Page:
Population-wide changes in obesity : their causes, trends and implications

2017-02-02T02:44:07Z (GMT) by Walls, Helen Louise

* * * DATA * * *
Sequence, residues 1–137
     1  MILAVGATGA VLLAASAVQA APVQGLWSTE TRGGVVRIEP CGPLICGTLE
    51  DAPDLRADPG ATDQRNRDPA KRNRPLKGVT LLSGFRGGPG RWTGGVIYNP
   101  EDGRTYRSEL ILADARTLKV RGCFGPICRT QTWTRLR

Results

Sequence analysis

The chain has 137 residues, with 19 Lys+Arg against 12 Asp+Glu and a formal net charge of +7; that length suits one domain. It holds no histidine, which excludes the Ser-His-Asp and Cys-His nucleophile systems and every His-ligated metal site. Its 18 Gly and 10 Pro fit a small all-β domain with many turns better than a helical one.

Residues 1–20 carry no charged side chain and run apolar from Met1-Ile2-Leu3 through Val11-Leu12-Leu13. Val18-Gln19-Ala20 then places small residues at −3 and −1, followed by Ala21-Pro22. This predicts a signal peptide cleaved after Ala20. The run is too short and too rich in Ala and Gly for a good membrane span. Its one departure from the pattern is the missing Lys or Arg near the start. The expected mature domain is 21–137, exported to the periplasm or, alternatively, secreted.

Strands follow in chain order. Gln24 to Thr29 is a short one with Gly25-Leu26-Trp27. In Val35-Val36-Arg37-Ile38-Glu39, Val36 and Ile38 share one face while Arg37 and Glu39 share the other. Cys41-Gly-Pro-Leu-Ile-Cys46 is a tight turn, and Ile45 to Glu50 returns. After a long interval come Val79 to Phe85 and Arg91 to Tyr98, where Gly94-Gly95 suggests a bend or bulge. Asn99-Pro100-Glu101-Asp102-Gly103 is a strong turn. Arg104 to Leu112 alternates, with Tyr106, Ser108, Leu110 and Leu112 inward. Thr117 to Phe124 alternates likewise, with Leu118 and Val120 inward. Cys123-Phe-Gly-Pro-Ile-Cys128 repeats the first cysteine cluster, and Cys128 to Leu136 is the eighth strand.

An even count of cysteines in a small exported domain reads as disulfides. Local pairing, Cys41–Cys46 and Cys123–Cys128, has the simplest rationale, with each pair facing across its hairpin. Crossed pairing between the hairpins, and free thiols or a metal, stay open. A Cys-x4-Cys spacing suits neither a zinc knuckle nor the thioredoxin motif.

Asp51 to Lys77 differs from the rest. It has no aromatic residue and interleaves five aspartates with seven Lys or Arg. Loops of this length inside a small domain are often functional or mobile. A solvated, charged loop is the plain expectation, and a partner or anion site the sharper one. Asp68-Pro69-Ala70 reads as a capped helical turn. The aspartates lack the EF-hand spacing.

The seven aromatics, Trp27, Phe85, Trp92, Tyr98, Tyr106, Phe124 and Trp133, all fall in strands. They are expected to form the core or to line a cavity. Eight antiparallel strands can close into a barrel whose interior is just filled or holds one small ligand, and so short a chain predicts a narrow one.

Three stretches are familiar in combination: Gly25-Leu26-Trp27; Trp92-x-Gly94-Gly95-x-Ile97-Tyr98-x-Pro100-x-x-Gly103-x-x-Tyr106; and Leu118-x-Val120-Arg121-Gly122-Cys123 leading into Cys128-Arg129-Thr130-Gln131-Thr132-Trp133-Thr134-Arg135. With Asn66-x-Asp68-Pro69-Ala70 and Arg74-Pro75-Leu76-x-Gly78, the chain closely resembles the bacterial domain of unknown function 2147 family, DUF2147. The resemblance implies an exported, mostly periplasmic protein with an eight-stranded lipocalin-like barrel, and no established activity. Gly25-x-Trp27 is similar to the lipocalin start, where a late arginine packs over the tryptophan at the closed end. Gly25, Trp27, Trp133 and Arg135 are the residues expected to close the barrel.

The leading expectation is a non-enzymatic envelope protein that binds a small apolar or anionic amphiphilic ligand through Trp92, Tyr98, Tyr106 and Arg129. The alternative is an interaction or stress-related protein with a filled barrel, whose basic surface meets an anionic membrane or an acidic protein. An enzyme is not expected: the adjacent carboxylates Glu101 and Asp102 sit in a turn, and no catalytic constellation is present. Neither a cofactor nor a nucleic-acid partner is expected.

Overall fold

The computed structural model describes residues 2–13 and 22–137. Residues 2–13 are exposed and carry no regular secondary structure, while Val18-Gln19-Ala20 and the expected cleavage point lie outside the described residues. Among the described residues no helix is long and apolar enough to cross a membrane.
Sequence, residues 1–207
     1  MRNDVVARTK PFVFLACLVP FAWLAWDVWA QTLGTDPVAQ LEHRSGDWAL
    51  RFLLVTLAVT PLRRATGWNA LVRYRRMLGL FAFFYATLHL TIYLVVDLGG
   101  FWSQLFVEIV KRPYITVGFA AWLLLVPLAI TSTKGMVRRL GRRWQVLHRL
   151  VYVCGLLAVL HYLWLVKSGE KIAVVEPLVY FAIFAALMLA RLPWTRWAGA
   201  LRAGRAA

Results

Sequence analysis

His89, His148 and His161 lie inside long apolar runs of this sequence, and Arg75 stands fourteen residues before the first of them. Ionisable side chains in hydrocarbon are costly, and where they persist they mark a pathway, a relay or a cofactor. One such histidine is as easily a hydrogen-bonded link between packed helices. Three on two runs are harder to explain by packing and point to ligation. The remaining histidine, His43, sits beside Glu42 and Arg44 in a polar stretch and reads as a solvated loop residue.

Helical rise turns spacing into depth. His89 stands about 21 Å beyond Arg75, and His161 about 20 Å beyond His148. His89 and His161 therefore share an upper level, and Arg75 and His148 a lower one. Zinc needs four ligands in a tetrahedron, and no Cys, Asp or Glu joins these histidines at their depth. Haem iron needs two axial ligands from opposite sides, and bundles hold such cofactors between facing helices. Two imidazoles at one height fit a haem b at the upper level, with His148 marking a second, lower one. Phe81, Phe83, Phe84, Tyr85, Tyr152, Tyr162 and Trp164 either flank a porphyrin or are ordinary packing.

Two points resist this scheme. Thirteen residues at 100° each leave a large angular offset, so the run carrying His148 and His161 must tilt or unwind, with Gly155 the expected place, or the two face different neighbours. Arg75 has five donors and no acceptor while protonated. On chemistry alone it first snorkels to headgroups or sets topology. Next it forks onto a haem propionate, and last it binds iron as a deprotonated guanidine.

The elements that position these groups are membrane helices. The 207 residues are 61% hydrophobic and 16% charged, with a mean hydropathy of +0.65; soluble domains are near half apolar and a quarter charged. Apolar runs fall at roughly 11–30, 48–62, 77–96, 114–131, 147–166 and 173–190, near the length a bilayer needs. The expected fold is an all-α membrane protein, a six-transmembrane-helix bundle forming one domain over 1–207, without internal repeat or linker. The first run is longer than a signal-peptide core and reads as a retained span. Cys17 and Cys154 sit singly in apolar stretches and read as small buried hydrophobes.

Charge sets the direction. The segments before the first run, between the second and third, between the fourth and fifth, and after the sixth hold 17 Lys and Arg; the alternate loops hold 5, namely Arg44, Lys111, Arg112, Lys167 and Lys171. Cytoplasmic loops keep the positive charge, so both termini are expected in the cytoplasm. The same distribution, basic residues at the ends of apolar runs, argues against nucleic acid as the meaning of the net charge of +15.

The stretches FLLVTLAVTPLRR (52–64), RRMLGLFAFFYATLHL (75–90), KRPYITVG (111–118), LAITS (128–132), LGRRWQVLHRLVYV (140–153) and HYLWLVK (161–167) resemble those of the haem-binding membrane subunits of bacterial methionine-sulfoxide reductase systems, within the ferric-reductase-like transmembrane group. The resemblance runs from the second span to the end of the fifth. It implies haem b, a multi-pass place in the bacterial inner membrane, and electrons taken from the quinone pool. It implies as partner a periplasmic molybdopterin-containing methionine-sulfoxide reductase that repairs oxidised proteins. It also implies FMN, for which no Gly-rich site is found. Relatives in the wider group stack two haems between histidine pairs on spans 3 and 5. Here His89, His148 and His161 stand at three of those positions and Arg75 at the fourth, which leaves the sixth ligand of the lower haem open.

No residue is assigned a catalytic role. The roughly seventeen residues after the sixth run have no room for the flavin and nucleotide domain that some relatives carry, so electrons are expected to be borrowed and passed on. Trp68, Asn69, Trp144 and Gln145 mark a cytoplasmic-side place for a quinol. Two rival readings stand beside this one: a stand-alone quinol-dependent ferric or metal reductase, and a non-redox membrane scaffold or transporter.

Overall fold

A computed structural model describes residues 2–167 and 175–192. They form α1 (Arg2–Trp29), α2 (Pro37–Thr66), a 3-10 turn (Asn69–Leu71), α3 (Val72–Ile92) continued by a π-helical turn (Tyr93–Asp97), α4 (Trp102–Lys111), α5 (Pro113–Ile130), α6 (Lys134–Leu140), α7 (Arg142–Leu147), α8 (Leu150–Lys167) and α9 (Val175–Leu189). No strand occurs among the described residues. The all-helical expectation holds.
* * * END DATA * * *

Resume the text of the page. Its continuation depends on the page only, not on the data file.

The prevalence of obesity is increasing worldwide. In Australia, for example, the prevalence of obesity doubled in two decades between 1980 and 2000, and continues to increase. Considering the substantial body of literature suggesting that obesity is the cause of much morbidity, premature mortality and an important component of increasing health care costs, it has become an issue high on the public agenda. But much remains unclear about what is commonly referred to as the ‘obesity epidemic’. This thesis examines trends in the whole population distribution of body weight and differences in trends based on two measures of excess body weight, using data from national population-based surveys from Australia and the United States, respectively. It also investigates the prevalence of obesity in Vietnam, a country with a historically low prevalence of obesity, using data from a population-based survey of northern Vietnam. Furthermore, this thesis examines individual-level predictors of weight gain, projects the likely future burden of obesity in Australia based on current incidence rates, and examines the impact of hypothetical obesity-reduction strategies, using data from Australian national population-based surveys, the National Death Index (NDI), and national mortality statistics. The findings suggest that in high-income countries such as Australia and the United States, the increase in obesity is the result of an increase in body weight across the whole population distribution, with much greater increases at the higher end of the distribution. There also appears to be a greater increase in abdominal weight than overall body mass index (BMI) across the whole population distribution of body weight, suggesting that in each of the BMI categories the level of metabolic risk has increased. In Australia, a third of the population underwent substantial abdominal weight gain between 2000 and 2005. The main individual-level behavioural predictor of such a gain was poor diet quality; however a commentary article included in the thesis discusses how the focus on individual-level determinants should not overlook the context in which such behaviours are made. Projecting recent measures of the incidence of overweight and obesity in Australia over the next two decades suggests that by 2025 approximately 34% of the population will be obese (compared to 21% in 2000). Of the normal-weight 25-29 year-olds in the year 2000, an estimated 36% will be overweight and 29% obese by age 60-64 years. Analysis of the effect of a series of hypothetical interventions showed that population strategies that de-skew the distribution of body weight would be the most safe and effective. In urban Hanoi, Vietnam, almost a third of adults were found to be overweight or obese in 2004, and one in ten were underweight, based on Asian-specific BMI cut-points. It has long been suggested that obesity places a heavy health burden on individuals and an encumbrance on the health care system. By analysing trends in the whole population distribution of body weight, their causes, and the likely trajectory of the future burden of obesity, this thesis contributes to a better understanding of the increasing prevalence of obesity.